That day ended as I managed to get Imahni and myself home safely, throw together a semi-healthy dinner, and begin the never-ending list of responsibilities: laundry, chores, grading, planning, and homework help. Long after midnight, I finally collapsed into bed. A sense that something had to change passed quickly through my mind before I fell into an exhausted slumber. That “something” showed up sooner than I expected.
The next day the alarm rang at its usual time. The sound pierced my sleeping mind. I scrambled to end the noise, unplugging the clock and collapsing back onto the bed. I had a migraine that wouldn’t die, stomach pain that wouldn’t be appeased, and shakes that wouldn’t be still. My husband was already awake and fixing breakfast. I stared at the ceiling and willed him to come to the bedroom. It didn’t work, so I called to him. Two hours later I was in the doctor’s office undergoing tests and evaluations, trying to figure out what was wrong with me.
“You need rest,” the doctor reported after reviewing the test results. “Nothing seriously wrong that a few minor lifestyle changes won’t cure.”
My body had finally surrendered in defeat. During the next two weeks I was bedridden, and God finally had my undivided attention. Some reflection, confession, and behavior modification needed to happen. And fast.
As a young girl, I fantasized about being Wonder Woman (and had the Underoos to prove it!). Her superhuman strength and Lasso of Truth would come in handy as a modern wife and mother, but alas, I discovered that I am only a woman, not a superhero.
Wanting to do all and be all that my family, friends, colleagues, and students needed set me up for failure. My husband married a confident, energetic, stable woman, but she had vanished. Much to my chagrin, a cranky, irritable, and impatient woman had replaced her. Eliminating should from my vocabulary was imperative so that I could become the woman and wife I was created to be. That could happen only through trusting that God knew what He was doing and by allowing Him to work in my life. The solution? Inserting deliberate times of slowness into my schedule. One of the ways I did this was by turning to a beloved hobby: scrapbooking.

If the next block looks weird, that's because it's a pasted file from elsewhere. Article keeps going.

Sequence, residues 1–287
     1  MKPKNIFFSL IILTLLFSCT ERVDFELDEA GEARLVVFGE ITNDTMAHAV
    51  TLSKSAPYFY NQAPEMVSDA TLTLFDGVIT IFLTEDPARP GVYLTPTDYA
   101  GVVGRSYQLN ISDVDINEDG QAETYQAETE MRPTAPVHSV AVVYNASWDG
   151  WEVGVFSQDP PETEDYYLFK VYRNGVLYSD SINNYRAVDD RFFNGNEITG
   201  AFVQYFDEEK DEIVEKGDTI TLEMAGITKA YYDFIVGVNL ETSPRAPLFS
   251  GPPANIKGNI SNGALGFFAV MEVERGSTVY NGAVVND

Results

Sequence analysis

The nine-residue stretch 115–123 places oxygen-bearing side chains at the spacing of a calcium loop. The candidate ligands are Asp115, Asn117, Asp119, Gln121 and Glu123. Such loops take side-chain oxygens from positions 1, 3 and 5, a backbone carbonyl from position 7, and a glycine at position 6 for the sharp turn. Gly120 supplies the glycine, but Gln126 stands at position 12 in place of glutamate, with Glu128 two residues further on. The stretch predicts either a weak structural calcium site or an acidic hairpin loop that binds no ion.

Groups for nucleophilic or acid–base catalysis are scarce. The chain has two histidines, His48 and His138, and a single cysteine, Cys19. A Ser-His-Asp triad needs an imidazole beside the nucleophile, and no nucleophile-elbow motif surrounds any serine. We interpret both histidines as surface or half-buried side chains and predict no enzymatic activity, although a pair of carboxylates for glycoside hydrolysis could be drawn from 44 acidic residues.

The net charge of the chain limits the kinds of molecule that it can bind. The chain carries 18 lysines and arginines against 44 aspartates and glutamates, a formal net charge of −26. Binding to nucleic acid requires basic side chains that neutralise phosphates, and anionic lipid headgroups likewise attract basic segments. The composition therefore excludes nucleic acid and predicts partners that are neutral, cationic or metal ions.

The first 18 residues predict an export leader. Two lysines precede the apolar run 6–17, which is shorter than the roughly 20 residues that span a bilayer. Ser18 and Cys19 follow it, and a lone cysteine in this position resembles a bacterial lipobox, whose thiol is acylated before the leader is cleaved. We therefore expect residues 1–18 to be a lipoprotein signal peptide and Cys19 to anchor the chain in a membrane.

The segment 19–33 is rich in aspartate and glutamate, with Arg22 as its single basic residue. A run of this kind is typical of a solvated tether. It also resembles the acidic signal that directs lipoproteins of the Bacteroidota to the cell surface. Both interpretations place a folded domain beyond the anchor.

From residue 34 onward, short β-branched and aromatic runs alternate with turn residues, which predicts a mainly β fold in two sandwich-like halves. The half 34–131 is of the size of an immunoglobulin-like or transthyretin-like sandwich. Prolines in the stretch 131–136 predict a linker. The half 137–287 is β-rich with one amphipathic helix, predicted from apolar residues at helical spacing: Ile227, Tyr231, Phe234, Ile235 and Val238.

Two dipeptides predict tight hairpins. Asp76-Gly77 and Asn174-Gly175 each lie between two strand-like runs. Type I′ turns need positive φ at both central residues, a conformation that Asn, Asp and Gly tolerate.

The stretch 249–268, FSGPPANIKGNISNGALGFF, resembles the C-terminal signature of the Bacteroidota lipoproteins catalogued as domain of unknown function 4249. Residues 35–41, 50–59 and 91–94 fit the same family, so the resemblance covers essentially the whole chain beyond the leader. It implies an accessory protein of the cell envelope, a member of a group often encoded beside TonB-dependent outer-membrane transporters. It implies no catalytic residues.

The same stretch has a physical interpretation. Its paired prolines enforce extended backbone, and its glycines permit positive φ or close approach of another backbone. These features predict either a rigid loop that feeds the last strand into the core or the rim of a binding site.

Lessons happen when my mind slows down long enough to hear God’s whispers. Most of the time I’m too busy filling my ears with television, music, and conversation. When I’m not preoccupied with external distractions, my personal hopes, dreams, fears, and concerns frequently drown out His voice. However, when I clean the kitchen, take a walk, or scrapbook, my mind becomes still and quiet.
Surprisingly, I began to hear God’s unmistakable whispers through the scrapbook page—lessons about slowing down and taking time for what I valued most. Learning new techniques about symmetry and placement of pictures on the page taught me about creating balance in my life—something I was sorely lacking. Finding artistic ways to manage and mend journaling errors introduced me to new concepts in accepting and mending personal mistakes.
Late one night, as I reflected on the pages I was making and the challenges they provided, I discovered a relationship between the lives we live and the layouts we create. That is when I began to recognize the wisdom we can learn from the scrapbook page.